Bring an Apple to the Teacher: Teaching the Teacher

Teacher with a small group of students in a reading circle.
Teacher with a small group of students in a reading circle. Photo by Woodley Wonder Works.

 
Spending some time at the beginning of the school year to teach your child’s new teacher about your child can have lasting benefits.

Here are some tips on how to prepare a child on the Autism Spectrum’s new teacher in order to have a successful and mutually beneficial school year:

Awe the Teacher with Innovative Communication. Teachers are busy, especially during the first few weeks of school. However, you may have important information to share with the teacher regarding:

  1. allergies
  2. health-risk behaviors (e.g., wandering)
  3. communication style
  4. environmental triggers (e.g., loud bells that signal the change of classroom)
  5. your child’s Individualized Education Program.

In an effort to communicate critical information to a teacher, staff from Pacific Child and Family Associates have used Talking Photo Albums – these are inexpensive devices that allow you to insert pictures in a transparent sleeve (e.g., the picture of the foods your child is allergic to) and to record a voice message that the teacher can activate by pressing a button on the corner of the sleeve. The device is unique and fun to use. But more importantly, the device can be used as a medium for sharing information about your child.

Establish Rapport and Engagement. Good communication is necessary for all healthy relationships. In consequence, establish a pattern of kind and considerate communication with your child’s teacher at the beginning of the school year. In addition, know that your child’s success in school will be the direct result of the teacher’s capable engagement within the walls of her classroom in conjunction with your engagement within the context of your home. Therefore, do your part. Specifically, make time each day to attend to the organization of your child’s back pack, complete forms that need to be returned, share important information, review and respond to entries in a communication notebook, and assist your child with their homework.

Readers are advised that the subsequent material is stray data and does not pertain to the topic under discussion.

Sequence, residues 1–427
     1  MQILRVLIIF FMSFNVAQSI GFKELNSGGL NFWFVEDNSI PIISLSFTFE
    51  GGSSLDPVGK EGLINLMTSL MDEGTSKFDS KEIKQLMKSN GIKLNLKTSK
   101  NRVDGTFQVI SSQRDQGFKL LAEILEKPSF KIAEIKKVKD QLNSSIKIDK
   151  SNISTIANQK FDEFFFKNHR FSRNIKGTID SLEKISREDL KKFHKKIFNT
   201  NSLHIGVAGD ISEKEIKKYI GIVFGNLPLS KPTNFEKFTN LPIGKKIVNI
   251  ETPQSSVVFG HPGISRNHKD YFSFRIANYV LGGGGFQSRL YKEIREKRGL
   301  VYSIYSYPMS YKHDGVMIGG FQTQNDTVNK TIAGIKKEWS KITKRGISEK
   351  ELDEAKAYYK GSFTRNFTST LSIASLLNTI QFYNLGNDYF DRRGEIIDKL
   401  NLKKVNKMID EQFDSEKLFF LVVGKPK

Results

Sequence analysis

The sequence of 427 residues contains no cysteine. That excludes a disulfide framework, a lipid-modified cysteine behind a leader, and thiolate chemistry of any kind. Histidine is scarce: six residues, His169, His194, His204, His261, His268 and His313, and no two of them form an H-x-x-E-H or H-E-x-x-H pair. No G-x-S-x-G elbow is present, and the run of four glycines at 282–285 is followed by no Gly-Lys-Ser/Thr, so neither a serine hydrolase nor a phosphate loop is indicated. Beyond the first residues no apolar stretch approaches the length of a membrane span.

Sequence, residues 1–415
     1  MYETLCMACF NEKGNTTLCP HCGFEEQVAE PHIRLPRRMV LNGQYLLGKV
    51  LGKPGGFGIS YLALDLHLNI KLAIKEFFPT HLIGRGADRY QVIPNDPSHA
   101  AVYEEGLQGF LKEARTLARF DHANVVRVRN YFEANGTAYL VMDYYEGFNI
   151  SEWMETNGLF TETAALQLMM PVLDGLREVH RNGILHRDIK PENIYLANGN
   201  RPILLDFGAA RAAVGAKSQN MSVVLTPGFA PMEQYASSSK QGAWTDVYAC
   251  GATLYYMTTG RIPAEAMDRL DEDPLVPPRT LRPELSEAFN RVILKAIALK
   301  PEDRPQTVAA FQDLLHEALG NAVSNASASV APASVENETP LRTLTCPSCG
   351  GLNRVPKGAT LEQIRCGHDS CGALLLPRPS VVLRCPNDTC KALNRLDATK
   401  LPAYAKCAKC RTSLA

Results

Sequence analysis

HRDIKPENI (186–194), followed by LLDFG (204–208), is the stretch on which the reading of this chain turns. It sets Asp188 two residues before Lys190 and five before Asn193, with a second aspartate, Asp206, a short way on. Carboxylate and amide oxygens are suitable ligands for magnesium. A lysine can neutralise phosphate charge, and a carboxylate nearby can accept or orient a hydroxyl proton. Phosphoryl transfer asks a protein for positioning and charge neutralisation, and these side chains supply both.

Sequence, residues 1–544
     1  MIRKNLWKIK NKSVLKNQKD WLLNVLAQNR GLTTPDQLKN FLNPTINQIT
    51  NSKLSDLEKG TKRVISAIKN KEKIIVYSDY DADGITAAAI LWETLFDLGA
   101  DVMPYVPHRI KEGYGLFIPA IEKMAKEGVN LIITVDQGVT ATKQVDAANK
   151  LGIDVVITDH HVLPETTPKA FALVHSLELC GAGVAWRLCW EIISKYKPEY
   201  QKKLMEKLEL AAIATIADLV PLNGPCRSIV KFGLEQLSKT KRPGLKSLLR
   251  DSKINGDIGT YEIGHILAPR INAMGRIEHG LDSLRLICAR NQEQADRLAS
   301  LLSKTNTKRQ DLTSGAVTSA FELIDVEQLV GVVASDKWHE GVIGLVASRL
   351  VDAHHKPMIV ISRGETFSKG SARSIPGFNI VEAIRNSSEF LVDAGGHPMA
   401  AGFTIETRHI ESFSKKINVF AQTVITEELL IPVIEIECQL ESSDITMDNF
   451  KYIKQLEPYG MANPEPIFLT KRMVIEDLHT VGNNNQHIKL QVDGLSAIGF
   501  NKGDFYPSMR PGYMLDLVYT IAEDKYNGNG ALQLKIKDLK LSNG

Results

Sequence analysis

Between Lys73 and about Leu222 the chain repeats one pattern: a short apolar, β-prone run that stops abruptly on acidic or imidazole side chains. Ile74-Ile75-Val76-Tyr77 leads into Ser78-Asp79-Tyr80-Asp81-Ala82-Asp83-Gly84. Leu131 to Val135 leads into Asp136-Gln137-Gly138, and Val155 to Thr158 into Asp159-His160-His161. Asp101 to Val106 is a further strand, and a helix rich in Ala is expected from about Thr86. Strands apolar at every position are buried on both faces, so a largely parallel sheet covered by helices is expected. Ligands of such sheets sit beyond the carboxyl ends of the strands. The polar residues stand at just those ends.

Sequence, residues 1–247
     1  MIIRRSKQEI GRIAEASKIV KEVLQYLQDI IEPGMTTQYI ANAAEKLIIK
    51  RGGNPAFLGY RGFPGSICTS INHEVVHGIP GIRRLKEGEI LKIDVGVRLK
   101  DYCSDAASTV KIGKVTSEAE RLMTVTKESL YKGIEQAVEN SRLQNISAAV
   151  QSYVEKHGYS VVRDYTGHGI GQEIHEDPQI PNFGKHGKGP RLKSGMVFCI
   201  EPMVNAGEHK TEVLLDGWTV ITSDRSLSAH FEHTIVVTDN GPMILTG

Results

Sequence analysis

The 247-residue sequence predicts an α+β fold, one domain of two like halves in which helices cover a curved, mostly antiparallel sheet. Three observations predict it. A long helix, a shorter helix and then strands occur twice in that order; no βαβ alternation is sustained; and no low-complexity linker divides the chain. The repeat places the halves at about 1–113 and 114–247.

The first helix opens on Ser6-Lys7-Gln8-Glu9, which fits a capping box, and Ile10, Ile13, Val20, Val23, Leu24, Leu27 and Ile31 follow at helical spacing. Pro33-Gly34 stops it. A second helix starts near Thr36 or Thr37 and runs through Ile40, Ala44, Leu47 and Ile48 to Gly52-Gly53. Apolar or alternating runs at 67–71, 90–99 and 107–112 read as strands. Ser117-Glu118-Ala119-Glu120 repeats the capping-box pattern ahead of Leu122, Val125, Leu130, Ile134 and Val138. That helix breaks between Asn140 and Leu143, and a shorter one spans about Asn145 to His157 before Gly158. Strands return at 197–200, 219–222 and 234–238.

Share Information about Health Risk Behaviors. If your child has a history of engaging in behaviors that put them at risk (e.g., wandering), and could potentially create an emergency situation for the school, ensure that you inform the teacher, and the relevant school administrators, of your child’s behavioral profile. In addition, ensure that your child is outfitted with an identification badge and/or a Global Positioning System so community members can assist in the event of an emergency.

Primary Needs. Children with Autism Spectrum Disorder frequency require specific supports centered on their primary needs (e.g., food intake and bowel and bladder regimens). Therefore, communicate all essential information to your child’s teacher and/or classroom aide.

Michael Cameron PhD

Article written by

Dr. Michael J. Cameron is a Board Certified Behavior Analyst® (Charter Certificant 1-00-0010) and is The Chief Clinical Officer for Pacific Child and Family Associates (PCFA). He is experienced in the area of behavioral medicine, behavioral health assessment, and intervention for diverse populations.

 

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